Almost 50 years after his death, Bruce Lee remains an icon of cinema and martial arts. People still watch his classic action movies, they still buy merchandise emblazoned with his likeness, and they are still fascinated by his philosophies and teachings. And people continue to make new art about him — including an upcoming biopic directed by Ang Lee, and starring Ang Lee’s son Mason Lee in the lead role.
Ang Lee’s acclaimed films include Eat Drink Man Woman, Sense and Sensibility, The Ice Storm, Lust, Caution, Brokeback Mountain, Life of Pi, and, of course, Crouching Tiger, Hidden Dragon, one of the great martial arts films ever made. A previously written screenplay is now being reworked by Dan Futterman, who penned the scripts for Foxcatcher and Capote.
This will not be the first movie made about Bruce Lee. Far from it. Even if you don’t count the many “Bruceploitation” movies made after Lee’s death (where other actors adopted the look and mannerisms of Lee in an attempt to capitalize on his continuing popularity), there is also Dragon: The Bruce Lee Story, which starred Jason Scott Lee. The film retold Bruce Lee’s life story with some supernatural elements.
Just a few years ago, there was Birth of the Dragon, starring Philip Ng as a young Bruce Lee during the years he developed his trademark fighting style.
And of course Bruce Lee appeared in a small but controversial supporting role (played by Mike Moh) in Quentin Tarantino’s Once Upon a Time in Hollywood. The scene, where Lee gets into a fight with Brad Pitt’s stuntman character, garnered an extremely negative reaction from Bruce Lee’s daughter.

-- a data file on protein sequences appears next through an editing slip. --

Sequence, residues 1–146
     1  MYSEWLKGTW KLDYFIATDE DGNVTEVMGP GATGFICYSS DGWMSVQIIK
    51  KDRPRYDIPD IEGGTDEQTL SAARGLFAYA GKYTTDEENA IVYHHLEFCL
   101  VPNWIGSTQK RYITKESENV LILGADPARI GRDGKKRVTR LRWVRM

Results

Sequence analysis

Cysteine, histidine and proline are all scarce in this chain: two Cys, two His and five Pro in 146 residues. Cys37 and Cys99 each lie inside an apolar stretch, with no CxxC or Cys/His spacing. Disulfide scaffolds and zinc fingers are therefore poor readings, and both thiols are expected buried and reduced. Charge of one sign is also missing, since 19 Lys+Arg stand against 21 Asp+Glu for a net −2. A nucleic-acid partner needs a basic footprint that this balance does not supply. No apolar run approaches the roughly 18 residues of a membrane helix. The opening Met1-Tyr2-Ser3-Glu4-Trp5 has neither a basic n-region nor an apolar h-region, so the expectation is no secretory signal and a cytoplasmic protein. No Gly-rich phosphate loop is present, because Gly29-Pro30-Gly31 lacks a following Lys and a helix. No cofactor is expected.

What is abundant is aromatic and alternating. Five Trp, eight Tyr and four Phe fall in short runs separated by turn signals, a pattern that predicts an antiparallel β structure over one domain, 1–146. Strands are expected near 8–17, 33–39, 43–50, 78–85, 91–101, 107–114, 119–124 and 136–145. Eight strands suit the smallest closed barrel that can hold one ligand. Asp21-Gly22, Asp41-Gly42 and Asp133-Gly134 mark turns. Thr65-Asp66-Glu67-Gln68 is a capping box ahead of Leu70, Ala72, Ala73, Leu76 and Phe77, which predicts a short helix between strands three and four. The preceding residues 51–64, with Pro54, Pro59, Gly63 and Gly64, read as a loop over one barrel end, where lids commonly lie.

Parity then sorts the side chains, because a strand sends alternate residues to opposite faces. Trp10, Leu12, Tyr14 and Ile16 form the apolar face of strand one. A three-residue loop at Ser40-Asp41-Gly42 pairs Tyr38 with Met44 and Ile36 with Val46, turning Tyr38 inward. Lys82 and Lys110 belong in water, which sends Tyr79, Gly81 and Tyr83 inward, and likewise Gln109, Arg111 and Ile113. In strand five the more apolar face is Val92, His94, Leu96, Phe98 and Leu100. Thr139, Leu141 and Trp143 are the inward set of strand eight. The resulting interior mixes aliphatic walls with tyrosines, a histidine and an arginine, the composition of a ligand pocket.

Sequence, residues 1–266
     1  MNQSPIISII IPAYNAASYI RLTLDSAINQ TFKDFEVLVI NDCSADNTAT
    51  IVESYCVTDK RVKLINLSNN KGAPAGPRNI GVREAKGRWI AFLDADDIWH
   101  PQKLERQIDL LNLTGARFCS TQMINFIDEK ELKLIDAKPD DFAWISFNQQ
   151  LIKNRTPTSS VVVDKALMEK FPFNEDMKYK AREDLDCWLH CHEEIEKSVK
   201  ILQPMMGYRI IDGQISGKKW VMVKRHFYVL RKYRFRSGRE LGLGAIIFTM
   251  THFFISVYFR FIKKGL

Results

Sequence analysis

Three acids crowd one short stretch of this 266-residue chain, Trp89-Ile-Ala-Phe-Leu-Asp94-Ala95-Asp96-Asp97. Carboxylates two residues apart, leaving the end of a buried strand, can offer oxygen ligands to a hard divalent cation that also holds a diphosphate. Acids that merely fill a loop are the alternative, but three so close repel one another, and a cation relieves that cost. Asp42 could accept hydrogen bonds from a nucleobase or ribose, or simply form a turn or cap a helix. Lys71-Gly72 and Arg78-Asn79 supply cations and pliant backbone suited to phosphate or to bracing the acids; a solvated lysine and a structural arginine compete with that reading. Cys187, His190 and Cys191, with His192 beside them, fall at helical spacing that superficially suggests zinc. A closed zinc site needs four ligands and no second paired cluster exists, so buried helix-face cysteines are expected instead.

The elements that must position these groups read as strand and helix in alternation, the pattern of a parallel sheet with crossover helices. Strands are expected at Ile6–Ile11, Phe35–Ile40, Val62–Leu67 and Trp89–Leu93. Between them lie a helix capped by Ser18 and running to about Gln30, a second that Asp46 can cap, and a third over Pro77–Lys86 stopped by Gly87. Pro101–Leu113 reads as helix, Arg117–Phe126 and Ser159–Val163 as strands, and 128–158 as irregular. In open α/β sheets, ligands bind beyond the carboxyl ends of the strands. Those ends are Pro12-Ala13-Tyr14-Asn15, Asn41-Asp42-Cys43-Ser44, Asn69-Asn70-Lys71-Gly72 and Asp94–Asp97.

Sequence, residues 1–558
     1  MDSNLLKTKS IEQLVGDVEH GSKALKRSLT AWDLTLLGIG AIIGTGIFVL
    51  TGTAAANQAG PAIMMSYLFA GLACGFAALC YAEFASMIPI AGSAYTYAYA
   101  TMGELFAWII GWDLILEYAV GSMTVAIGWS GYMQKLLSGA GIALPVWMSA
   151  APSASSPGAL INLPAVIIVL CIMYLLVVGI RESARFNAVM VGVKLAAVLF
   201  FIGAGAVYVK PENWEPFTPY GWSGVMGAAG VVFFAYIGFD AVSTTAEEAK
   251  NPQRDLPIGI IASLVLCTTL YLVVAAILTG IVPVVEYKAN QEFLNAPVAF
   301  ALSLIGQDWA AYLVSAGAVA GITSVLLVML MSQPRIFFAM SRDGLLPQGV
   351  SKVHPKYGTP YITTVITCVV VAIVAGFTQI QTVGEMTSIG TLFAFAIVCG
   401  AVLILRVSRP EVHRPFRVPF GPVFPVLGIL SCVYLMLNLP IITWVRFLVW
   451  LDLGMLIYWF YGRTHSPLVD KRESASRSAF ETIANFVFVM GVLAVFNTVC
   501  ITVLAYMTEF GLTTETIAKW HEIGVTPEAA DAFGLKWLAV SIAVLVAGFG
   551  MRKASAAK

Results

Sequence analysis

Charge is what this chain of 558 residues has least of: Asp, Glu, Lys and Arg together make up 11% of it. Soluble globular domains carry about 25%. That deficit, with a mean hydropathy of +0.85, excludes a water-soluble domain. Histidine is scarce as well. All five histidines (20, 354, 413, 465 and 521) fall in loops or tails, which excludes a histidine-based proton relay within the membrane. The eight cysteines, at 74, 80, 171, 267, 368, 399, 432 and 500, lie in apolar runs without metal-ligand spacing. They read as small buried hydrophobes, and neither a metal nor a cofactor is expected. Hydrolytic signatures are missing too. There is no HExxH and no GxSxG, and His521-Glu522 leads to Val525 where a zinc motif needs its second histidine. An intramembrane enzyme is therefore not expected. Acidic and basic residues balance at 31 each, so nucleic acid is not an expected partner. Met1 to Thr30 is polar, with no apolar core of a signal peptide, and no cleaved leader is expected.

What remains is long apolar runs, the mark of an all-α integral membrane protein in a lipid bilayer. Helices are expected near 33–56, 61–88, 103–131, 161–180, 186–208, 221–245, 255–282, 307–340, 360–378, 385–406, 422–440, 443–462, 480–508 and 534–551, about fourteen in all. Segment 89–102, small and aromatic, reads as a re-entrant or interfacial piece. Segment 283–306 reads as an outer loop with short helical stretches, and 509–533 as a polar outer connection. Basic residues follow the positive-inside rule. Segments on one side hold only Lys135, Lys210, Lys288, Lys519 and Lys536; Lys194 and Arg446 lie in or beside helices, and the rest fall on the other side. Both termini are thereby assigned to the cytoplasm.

In a statement, Ang Lee had this to say about why he wanted to make his own Bruce Lee biography.
Accepted as neither fully American nor Fully Chinese, Bruce Lee was a bridge between East and West who introduced Chinese Gung Fu to the world, a scientist of combat and an iconic performing artist who revolutionized both the martial arts and action cinema. I feel compelled to tell the story of this brilliant, unique human being who yearned for belonging, possessed tremendous power in a 135-pound-frame, and who, through tireless hard work, made impossible dreams into reality.
The film will be distributed by Sony Pictures.
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